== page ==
Seagoing vessels sailing under a foreign flag will be inspected for safety aspects on entering a Dutch port. This includes the technical condition of the vessel, the quality and quantity of the crew, working and living conditions and compliance with environmental legislation.
About 1,500 foreign vessels are inspected by Port State Control in the Netherlands each year. Onboard inspections are unannounced. Annual concentrated inspection campaigns also take place.
Possible sanctions include:
- the taking of corrective measures within the required timeframe
- detention: the detention must be lifted before the vessel may leave and a fine must be paid to withdraw the detention
- banning: the vessel is no longer allowed to enter Paris MoU countries
A fine must be paid to lift the detention.
Re-inspection always takes place before the detention may be lifted.
New installation of ACMs is prohibited without exception for all sea-going vessels, pursuant to the SOLAS regulations. Despite this clear and unambiguous prohibition of ACMs, asbestos is still regularly encountered in various locations on board ships.
During inspections asbestos has been found in such places as fire blankets, insulation materials, types of sealants, friction material for brakes, wall and ceiling coverings, cables, cords, electric fuses etc. Moreover, ships that were originally free of asbestos appear to have ACMs on board as a result of repairs at shipyards and/or the purchase of spare parts at a later stage.
There are specific inspections for roll-on roll-off passenger vessels operating on a regular route, also called ferries or Ropax. These are conducted based on EU Directive 1999/35/EC (Ferry Directive) and take place once every six months, often in combination with other Member States. Both the technical condition of the vessel and the procedures (boat drills and fire drills) are inspected.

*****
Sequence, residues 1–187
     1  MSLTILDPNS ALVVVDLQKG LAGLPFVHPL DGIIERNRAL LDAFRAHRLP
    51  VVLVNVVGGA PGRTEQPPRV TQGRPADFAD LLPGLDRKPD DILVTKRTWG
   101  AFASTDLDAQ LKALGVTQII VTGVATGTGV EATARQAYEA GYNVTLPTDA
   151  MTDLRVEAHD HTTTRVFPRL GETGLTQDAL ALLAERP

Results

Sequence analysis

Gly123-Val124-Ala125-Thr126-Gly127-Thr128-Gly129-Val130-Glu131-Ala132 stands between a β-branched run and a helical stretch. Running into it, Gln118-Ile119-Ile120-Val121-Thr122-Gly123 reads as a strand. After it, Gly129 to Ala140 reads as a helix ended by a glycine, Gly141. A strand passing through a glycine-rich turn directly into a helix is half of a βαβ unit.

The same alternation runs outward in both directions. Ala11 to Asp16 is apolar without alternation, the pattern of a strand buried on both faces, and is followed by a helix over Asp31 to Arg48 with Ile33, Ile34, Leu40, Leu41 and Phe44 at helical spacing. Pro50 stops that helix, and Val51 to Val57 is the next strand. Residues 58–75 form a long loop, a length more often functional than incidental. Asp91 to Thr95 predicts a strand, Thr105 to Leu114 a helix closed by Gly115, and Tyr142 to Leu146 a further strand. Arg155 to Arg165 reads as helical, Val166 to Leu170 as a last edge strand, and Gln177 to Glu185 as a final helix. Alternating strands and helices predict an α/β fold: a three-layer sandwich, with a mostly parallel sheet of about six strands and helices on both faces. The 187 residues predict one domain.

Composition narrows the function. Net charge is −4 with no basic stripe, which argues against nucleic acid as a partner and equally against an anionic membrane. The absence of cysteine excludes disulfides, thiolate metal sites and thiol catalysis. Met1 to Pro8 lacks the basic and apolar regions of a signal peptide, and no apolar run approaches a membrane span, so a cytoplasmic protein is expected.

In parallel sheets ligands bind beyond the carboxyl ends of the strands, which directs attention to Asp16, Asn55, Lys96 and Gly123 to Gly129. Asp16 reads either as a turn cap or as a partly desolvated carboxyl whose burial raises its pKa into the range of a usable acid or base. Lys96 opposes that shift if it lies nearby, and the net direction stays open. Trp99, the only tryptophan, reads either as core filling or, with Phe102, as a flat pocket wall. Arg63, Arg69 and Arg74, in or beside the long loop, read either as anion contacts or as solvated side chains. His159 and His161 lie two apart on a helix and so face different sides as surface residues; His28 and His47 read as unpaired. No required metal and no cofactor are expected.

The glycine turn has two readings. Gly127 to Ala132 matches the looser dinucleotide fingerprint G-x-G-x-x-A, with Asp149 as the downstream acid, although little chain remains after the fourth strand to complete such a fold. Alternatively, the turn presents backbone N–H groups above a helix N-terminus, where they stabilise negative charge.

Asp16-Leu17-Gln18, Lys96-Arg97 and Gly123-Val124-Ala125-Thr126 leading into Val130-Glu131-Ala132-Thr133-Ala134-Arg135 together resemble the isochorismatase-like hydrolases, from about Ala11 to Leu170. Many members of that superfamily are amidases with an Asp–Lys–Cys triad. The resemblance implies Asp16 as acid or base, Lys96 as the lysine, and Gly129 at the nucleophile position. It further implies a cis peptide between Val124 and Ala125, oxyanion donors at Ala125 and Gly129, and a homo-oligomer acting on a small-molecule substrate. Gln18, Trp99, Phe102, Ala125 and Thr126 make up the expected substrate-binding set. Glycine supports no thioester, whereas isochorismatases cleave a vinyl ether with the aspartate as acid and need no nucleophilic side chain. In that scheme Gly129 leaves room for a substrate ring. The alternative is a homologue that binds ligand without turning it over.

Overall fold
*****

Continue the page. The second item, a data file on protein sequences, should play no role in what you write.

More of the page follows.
The results are entered into the centralised THETIS database, administered by the EU. Thetis can be viewed through the EMSA website. The inspection team always sails with the vessel for these inspections.
Compulsory expanded inspections
The following vessels are required to undergo expanded inspections:
- vessels with a high risk profile (of any type or age) that have not been inspected in the previous five months
- oil, gas and chemical tankers, bulk carriers or passenger vessels older than 12 years with a standard risk profile that have not been inspected in the previous 10 months
- oil, gas and chemical tankers, bulk carriers or passenger vessels older than 12 years with a low risk profile that have not been inspected in the previous 24 months
Further information on risk profiles and how to calculate them can be found on the Paris MoU website: Paris MoU – Calculate risk.
Concentrated Inspection Campaign (CIC)
Foreign ships that visit Dutch ports are subject to a yearly Concentrated Inspection Campaign ((CIC) held by Paris Mou. Here you find an overview of the subjects through the years.
2014 CIC on hours of rest (STCW)
The Paris and Tokyo MoU's on Port state Control will cary out a joint concentrated inspection campaign.
- 2013 Safety of propulsion and auxiliary machinery;
- 2012 Fire Safety Systems;
- 2011 Structural safety and Load Lines;
- 2010 Tanker damage stability;
- 2009 Lifesavings: Lifeboat launching arrangements;
- 2008 Safety of Navigation: Solas chapter V;
- 2007 Implementation of the International Safety Management Code (ISM-Code);
- 2006 MARPOL 73/78 Annex I;
- 2005 Global Maritime Distress Safety System (GMDSS);
- 2004 Labour and live circumstances: Working and living conditions;
- 2003 Operational Compliance on board passenger ships;
- 2002 International Safety Management Code (ISM-Code).